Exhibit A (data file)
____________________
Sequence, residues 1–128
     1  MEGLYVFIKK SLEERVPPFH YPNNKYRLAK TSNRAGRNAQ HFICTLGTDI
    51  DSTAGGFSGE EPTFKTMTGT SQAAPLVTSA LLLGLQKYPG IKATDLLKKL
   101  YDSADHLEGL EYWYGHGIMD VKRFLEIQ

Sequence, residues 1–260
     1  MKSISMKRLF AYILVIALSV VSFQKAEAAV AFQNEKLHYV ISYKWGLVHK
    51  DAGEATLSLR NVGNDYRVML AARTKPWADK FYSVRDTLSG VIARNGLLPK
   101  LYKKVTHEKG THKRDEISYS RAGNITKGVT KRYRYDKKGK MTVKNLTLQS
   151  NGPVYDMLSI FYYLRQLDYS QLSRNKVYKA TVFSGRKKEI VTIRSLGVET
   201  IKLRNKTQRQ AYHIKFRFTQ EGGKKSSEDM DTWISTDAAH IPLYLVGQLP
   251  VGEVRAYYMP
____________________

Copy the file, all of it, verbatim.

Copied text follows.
Sequence, residues 1–128
     1  MEGLYVFIKK SLEERVPPFH YPNNKYRLAK TSNRAGRNAQ HFICTLGTDI
    51  DSTAGGFSGE EPTFKTMTGT SQAAPLVTSA LLLGLQKYPG IKATDLLKKL
   101  YDSADHLEGL EYWYGHGIMD VKRFLEIQ

Sequence, residues 1–260
     1  MKSISMKRLF AYILVIALSV VSFQKAEAAV AFQNEKLHYV ISYKWGLVHK
    51  DAGEATLSLR NVGNDYRVML AARTKPWADK FYSVRDTLSG VIARNGLLPK
   101  LYKKVTHEKG THKRDEISYS RAGNITKGVT KRYRYDKKGK MTVKNLTLQS
   151  NGPVYDMLSI FYYLRQLDYS QLSRNKVYKA TVFSGRKKEI VTIRSLGVET
   201  IKLRNKTQRQ AYHIKFRFTQ EGGKKSSEDM DTWISTDAAH IPLYLVGQLP
   251  VGEVRAYYMP